Over the last few years, there has been a significant shift throughout our health care system to move to a delivery and payment model known as value-based care (in replacement for Fee for service model). The value based is a solution to address rise in healthcare cost and focus on quality. This transition is very challenging, and the need for process improvements initiative is very imperative during the transitional period.
Presenter: Toyin Adegbonmire, MS, Blackbelt, is a Provider Reimbursement Manager at Healthfirst. She received her Bachelor’s degree in Health Administration from University of Maryland Baltimore County and Master’s in Technology Management with a concentration in Project Management degree from University of Maryland University College. She has been working in the healthcare industry for 10+ years with diverse experience in Health IT, Revenue recovery, Managed care organization and Skilled Nursing. Toyin is currently leading an improvement initiative to improve the claims auto adjudication process at Healthfirst.
Sepsis is associated with a high risk of mortality. The number of deaths in US due to sepsis has increased from 154,159 in 2000 to 207,427 in 2007. The main objective of this presentation is to demonstrate utilization of process improvement and system redesign methodologies for the purpose of improving broad spectrum antibiotics administration within 1 hour of severe sepsis/septic shock recognition, and studying its effect on mortality. Continue reading June Section Meeting: Healthcare Process Improvement – Early Sepsis Identification→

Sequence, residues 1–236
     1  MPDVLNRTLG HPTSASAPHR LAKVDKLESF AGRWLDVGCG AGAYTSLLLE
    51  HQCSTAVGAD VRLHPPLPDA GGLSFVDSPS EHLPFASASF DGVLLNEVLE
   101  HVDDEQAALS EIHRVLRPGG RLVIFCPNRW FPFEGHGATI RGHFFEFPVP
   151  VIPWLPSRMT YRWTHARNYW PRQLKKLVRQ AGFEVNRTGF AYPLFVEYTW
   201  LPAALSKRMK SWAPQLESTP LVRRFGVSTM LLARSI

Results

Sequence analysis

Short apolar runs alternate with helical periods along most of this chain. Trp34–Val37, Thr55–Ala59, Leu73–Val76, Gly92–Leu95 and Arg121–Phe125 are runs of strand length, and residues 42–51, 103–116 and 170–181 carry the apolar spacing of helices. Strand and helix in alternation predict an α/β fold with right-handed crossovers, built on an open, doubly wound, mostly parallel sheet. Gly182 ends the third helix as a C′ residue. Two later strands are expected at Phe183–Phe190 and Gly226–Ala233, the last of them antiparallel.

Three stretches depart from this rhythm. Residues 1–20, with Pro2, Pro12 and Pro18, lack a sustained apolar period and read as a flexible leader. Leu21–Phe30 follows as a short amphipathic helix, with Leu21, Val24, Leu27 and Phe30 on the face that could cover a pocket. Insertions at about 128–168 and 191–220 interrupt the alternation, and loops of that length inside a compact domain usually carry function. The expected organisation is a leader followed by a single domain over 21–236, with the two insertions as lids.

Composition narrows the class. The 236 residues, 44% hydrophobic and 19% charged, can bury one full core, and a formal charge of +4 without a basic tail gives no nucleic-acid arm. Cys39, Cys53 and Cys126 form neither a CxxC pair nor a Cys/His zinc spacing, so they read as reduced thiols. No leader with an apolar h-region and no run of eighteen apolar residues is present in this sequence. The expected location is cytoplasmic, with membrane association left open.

This month we will discuss how to align financial incentives, focus on important quality measures and redesign care in order to improve the health of populations. He will cover the basics and current state of the industry in its move to leverage value based payment systems; the evolution and challenges of quality metrics from strict clinical procedure outcomes to longer term care and ultimately health outcomes; and how care systems are being resigned to better promote population health.
Andrew Rein is a mission-driven senior executive with 20+ years of experience acquired in executive positions in the nation’s leading health care and public health organizations, and a proven ability to lead health system transformation and reform, population health, and organizational innovation. Andrew maximizes value by uniquely weaving strong performance and financial management, strategy development and implementation, policy priorities, and deep analytics. Continue reading March Section Meeting – Transition to Value-based Healthcare→
Manufacturers like Toyota and others have mastered lean manufacturing and its value is well documented. For many years the service industry was a peripheral observer of lean philosophies and methodologies. Now, mature and intensely competitive industries facing global competition, shrinking margins and constantly changing customer expectations, these dynamics are powering many service organizations’ drive toward lean service, lean thinking and the need for lean practitioners.